This week, Fire Emblem Fates: Conquest burns bright on Nintendo 3DS, the Homefront Revolution launches on Xbox One and Out Of The Park Baseball 17 hits a home run on PC.
Elsewhere, Bushido Bear and Leap Day bounce about for your attention on smartphone and tablet
GAME OF THE WEEK:
Title: Fire Emblem Fates: Conquest
Platform: Nintendo 3DS
Tactical RPG burns bright on the dual screen
Two kingdoms are at war - the peace-loving Hoshido and the glory-seeking Nohr. Who you decide to fight for will be the first of many important decisions you make during Fire Emblem Fates. As the prince or princess of Hoshido, who was raised by Nohr royal family, you’ll be torn between two families you love, and whichever path you take, you will face different types of challenges. This is an astoundingly deep turn-based tactical RPG with a brilliant story to string the many quests and battles together. You’ll ride your luck to enjoy victory at times, but you’ll also feel the rush of tactical glory when your tinkering with the game’s myriad customisation options pays dividends. It’s a fantastic challenge for seasoned gamers - rich, varied map set-ups and an excellent levelling up system that rewards the stronger bonds developed by soldiers you deploy onto the battlefield, bringing a more personal immersion to what is, at its core, playing a percentages game in battle with hidden dice rolls to keep you on your toes. The dual screen almost doesn’t do this game’s graphics and audio justice - it should be enjoyed on 40 inches-plus, but as a result, it will remain a pocket rocket you won’t be able to put down.
Title: Homefront: The Revolution
Platform: Xbox One
A shooter revolution you should think twice about being part of...
Homefront: The Revolution throws you into a near-future dystopia. Catastrophic events have brought the United States to its knees and enabled the Korean People’s Army forces to impose a brutal military occupation. Trapped in this American nightmare, Philadelphia has become a police state, where surveillance drones and armoured patrols keep her once-proud citizens at heel, crushing any dissent with totalitarian force. At a glance, the world you must hustle and hurry through carrying out wave after wave of stealth and shooter objectives is pretty good-looking. But it’s the over-familiarity you’ll find in these activities alongside a pretty sub-standard story that knocks Homefront: The Revolution back in its efforts to stand shoulder to shoulder with the countless other classy looking shooters on this generation of games consoles. Where the world construction and weaponry options succeed in isolation, the overall campaign experience fails to dazzle. Big (enjoyable) explosions and shouty central characters only serve to mask the bigger mistakes made in what could have been a solid sequel to 2011’s first Homefront outing.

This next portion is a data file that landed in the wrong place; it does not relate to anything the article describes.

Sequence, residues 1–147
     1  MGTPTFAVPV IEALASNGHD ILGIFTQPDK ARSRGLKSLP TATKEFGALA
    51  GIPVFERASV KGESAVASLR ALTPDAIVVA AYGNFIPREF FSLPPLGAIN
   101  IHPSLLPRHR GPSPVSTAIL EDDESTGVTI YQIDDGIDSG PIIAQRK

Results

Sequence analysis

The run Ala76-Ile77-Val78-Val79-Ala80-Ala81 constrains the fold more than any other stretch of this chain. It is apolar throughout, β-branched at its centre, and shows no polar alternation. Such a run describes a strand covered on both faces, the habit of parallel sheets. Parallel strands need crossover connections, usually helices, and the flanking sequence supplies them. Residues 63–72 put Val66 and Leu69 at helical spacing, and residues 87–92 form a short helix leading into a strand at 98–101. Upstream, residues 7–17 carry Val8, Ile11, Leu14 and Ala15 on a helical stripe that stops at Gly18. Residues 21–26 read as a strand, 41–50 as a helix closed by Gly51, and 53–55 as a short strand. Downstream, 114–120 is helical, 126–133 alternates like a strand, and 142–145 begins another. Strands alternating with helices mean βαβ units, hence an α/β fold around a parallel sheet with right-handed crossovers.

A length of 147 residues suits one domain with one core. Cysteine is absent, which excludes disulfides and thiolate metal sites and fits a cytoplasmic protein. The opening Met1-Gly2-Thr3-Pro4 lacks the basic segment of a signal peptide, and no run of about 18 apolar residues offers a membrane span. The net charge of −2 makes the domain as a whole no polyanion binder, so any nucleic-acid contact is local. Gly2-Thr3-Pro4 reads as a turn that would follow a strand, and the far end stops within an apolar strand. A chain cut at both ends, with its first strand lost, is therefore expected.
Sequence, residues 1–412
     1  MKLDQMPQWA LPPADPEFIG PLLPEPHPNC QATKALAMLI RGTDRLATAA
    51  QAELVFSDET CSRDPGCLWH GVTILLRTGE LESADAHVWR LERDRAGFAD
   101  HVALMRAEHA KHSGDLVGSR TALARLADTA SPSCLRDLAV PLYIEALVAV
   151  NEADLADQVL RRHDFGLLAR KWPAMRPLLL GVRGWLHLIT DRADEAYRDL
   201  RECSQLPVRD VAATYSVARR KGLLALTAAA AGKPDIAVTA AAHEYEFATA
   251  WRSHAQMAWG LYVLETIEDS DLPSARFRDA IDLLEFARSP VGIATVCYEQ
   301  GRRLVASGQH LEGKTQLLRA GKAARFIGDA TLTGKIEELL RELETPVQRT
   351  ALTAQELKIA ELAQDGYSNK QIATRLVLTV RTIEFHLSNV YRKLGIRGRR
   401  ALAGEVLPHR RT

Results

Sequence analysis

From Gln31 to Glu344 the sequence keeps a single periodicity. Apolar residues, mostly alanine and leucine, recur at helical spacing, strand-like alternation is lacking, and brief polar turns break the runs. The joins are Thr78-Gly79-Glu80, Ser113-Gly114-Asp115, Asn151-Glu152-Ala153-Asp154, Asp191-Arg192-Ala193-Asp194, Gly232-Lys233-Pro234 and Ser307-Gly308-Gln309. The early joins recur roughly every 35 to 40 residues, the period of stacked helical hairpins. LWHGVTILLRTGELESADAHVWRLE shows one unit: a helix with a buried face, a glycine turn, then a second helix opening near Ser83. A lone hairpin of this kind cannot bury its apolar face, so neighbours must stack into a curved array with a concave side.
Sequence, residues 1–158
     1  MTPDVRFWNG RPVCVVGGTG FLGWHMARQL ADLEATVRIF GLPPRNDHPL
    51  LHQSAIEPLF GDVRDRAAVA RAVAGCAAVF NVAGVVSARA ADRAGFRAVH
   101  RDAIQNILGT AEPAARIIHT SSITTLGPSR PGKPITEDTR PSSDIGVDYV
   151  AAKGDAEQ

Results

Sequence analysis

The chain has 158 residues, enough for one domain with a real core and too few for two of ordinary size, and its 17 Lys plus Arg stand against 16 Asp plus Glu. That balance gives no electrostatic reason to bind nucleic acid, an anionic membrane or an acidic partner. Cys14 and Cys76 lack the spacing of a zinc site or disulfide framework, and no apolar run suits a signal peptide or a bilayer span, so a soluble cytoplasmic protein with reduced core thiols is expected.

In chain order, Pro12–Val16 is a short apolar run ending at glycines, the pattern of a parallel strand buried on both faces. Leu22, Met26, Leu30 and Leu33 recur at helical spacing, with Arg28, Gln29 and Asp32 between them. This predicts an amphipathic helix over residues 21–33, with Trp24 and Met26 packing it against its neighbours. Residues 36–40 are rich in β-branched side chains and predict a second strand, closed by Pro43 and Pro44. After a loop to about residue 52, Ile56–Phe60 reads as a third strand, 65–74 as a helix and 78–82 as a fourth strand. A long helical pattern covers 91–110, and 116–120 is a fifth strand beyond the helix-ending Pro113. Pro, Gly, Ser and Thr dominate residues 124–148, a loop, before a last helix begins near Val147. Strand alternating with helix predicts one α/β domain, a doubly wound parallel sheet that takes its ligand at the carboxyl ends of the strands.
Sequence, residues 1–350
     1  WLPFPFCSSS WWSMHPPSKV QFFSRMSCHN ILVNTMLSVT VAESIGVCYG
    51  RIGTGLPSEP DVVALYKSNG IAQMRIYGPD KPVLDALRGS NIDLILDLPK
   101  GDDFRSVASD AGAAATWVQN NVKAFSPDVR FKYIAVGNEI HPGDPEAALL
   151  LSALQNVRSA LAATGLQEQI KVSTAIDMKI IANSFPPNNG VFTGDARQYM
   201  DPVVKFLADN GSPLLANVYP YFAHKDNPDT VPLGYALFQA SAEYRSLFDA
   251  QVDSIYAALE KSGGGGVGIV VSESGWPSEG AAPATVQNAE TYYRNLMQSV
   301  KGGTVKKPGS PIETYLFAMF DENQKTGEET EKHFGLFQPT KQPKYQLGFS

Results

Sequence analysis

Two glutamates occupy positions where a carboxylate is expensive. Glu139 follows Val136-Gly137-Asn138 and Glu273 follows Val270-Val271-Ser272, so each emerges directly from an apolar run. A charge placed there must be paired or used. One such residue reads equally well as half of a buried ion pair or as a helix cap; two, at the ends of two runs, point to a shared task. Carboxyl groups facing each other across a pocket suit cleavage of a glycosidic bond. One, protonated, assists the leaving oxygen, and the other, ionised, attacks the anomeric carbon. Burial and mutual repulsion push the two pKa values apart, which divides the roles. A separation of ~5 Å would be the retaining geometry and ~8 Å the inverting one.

Title: Out Of The Park Baseball 17
Genre: Sports Simulation
Stat-packed sensation hits a home run for sports simulations
Sports simulations aren’t everybody’s cup of tea. The lack of whizz-bang action, cinematic “jump” moments or sporting flicks and tricks to perfect, means hardcore fans are actually seduced by ludicrous levels of statistical accuracy, over and above the graphical razzmatazz. OOTPB 17 is a prime proponent of this design, delivering hands-down the most realistic baseball simulation we’ve ever seen. It’s the culmination of a decade’s work on the series, which can now boast official licence endorsements from MLB, MiLB and the MLB Players Association, meaning every logo, team likeness and player name is present and correct. And this game is statistically astounding, carrying records back to the 1800s and offering an encyclopaedia of baseball history before you’ve even picked your team and taken on your role as general or team manager. Every on-screen interface guides you seamlessly through the staggering array of game options in a way that never seems overwhelming, as you bid to build an all-conquering team by spotting success in the thousands of numbers you’ll pore over for hours on end. Clearly, not a game for your casual gamer, but those looking for a sports stat sensation can call off the search right now.